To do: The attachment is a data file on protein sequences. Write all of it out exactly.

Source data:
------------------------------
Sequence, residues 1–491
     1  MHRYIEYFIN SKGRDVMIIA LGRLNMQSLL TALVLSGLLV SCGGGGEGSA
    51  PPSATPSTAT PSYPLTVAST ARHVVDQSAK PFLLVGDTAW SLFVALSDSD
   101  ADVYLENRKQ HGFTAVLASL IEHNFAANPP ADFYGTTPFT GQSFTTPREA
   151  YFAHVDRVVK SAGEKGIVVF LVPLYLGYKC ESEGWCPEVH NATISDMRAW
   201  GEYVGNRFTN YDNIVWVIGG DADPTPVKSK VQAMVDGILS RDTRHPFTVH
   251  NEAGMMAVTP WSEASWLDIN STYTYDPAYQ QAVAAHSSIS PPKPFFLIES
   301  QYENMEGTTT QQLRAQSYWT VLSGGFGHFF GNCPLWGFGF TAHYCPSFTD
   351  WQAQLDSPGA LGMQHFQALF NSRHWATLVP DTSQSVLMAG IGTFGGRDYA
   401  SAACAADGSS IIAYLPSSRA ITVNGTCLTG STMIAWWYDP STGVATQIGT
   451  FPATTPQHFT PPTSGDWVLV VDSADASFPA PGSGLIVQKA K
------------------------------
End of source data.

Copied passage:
Sequence, residues 1–491
     1  MHRYIEYFIN SKGRDVMIIA LGRLNMQSLL TALVLSGLLV SCGGGGEGSA
    51  PPSATPSTAT PSYPLTVAST ARHVVDQSAK PFLLVGDTAW SLFVALSDSD
   101  ADVYLENRKQ HGFTAVLASL IEHNFAANPP ADFYGTTPFT GQSFTTPREA
   151  YFAHVDRVVK SAGEKGIVVF LVPLYLGYKC ESEGWCPEVH NATISDMRAW
   201  GEYVGNRFTN YDNIVWVIGG DADPTPVKSK VQAMVDGILS RDTRHPFTVH
   251  NEAGMMAVTP WSEASWLDIN STYTYDPAYQ QAVAAHSSIS PPKPFFLIES
   301  QYENMEGTTT QQLRAQSYWT VLSGGFGHFF GNCPLWGFGF TAHYCPSFTD
   351  WQAQLDSPGA LGMQHFQALF NSRHWATLVP DTSQSVLMAG IGTFGGRDYA
   401  SAACAADGSS IIAYLPSSRA ITVNGTCLTG STMIAWWYDP STGVATQIGT
   451  FPATTPQHFT PPTSGDWVLV VDSADASFPA PGSGLIVQKA K